London's U.S. Embassy to Be Transformed into Luxury Hotel
PHOTO: The U.S. Embassy London as seen from Grosvenor Square. (via Flickr/U.S. Embassy London)
The U.S. Embassy in London's Mayfair neighborhood dates back to the late 1950s, but as State Department officials prepare for a transition to a new complex in South London, the owners are looking to transform the iconic building into a luxury hotel.
The Evening Standard reported Qatar Investment Authority subsidiary Qatari Diar is proposing a $1.4 billion redevelopment that would begin next year when officials leave the nine-story building.
The plan is to refurbish the former embassy into a 137-room five star hotel equipped with a spa, ballroom, five restuarants and half of a dozen shops.
"We have studied the building's design and its history as well as its surroundings to deliver an architecturally and socially coherent proposal," British architect Sir David Chipperfield told NBC News.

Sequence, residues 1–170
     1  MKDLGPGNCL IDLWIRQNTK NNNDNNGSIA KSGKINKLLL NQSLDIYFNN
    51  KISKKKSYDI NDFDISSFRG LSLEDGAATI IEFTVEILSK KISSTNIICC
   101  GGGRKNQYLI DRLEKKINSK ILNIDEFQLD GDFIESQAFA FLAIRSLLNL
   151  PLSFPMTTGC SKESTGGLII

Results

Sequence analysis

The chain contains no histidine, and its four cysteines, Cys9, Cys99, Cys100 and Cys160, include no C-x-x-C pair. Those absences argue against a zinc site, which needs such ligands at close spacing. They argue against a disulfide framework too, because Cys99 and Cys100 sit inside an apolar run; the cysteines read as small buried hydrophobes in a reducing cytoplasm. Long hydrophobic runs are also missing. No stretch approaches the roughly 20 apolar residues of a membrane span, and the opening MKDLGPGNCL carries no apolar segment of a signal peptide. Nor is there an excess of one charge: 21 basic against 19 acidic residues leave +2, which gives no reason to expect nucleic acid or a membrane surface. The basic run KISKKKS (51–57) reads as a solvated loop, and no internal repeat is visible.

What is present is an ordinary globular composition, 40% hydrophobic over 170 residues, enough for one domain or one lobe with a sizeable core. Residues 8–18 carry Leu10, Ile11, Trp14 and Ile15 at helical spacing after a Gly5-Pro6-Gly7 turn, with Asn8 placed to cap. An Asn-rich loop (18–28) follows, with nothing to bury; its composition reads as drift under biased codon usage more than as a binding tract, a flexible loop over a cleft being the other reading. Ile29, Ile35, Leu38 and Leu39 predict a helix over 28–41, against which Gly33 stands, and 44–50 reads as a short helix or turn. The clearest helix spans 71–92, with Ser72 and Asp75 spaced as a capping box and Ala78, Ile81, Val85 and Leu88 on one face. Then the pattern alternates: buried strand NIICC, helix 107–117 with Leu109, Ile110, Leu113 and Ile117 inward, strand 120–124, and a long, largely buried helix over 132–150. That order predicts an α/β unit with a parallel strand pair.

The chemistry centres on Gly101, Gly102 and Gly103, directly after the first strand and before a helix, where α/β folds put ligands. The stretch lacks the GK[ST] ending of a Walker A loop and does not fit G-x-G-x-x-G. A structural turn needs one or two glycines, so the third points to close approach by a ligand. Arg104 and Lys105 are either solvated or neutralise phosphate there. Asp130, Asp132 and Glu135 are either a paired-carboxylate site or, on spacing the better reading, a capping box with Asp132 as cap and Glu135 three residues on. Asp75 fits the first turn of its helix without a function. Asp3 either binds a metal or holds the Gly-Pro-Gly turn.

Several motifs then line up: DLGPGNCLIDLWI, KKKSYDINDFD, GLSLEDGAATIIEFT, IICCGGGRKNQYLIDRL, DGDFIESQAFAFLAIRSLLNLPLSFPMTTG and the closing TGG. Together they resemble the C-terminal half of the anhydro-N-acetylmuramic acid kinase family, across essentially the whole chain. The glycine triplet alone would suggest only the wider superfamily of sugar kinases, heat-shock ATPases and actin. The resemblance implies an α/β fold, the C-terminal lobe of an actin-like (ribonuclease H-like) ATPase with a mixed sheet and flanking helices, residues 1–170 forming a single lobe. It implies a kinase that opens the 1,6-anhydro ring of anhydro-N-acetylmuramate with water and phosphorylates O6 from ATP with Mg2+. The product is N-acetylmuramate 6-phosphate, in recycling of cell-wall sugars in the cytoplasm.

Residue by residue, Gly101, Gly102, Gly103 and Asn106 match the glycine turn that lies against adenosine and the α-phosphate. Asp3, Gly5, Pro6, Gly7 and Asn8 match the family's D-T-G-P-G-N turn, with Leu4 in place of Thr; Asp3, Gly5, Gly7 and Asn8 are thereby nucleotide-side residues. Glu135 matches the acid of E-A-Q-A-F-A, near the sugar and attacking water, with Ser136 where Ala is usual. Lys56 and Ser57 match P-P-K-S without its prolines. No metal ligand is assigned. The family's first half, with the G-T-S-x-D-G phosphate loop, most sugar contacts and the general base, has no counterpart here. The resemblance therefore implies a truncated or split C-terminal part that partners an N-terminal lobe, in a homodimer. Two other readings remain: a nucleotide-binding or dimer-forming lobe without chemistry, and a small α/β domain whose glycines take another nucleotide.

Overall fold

Chipperfield has been appointed to lead the redevelopment efforts.
The proposal is set to be submitted to the Westminster council next month. In the meantime, a public exhibition on the plans will be open from April 11 to April 16.
"We take our responsibility to the local community very seriously and are committed to undertaking an in-depth and thorough engagement with local residents, businesses, amenity societies, heritage bodies, Westminster City Council and other local stakeholders," Qatari Diar's chief development officer Jerry Holmes told the Evening Standard.
If all hurdles are cleared, renovations are likely to begin early next year after officials make the move to the new embassy in Nine Elms. Efforts will include the removal of barricades that were set up around the building's perimeter more than a decade ago following the September 11 attacks.
Qatari Diar originally purchased the building at Grosvenor Square back in 2009, one year after plans for a new embassy were announced.
The building is protected under British heritage laws.
"Grosvenor Square will write a new chapter of its own, one that I hope retains an imprint of America's deep and abiding history here," U.S. Ambassador Matthew Barzun told NBC News.
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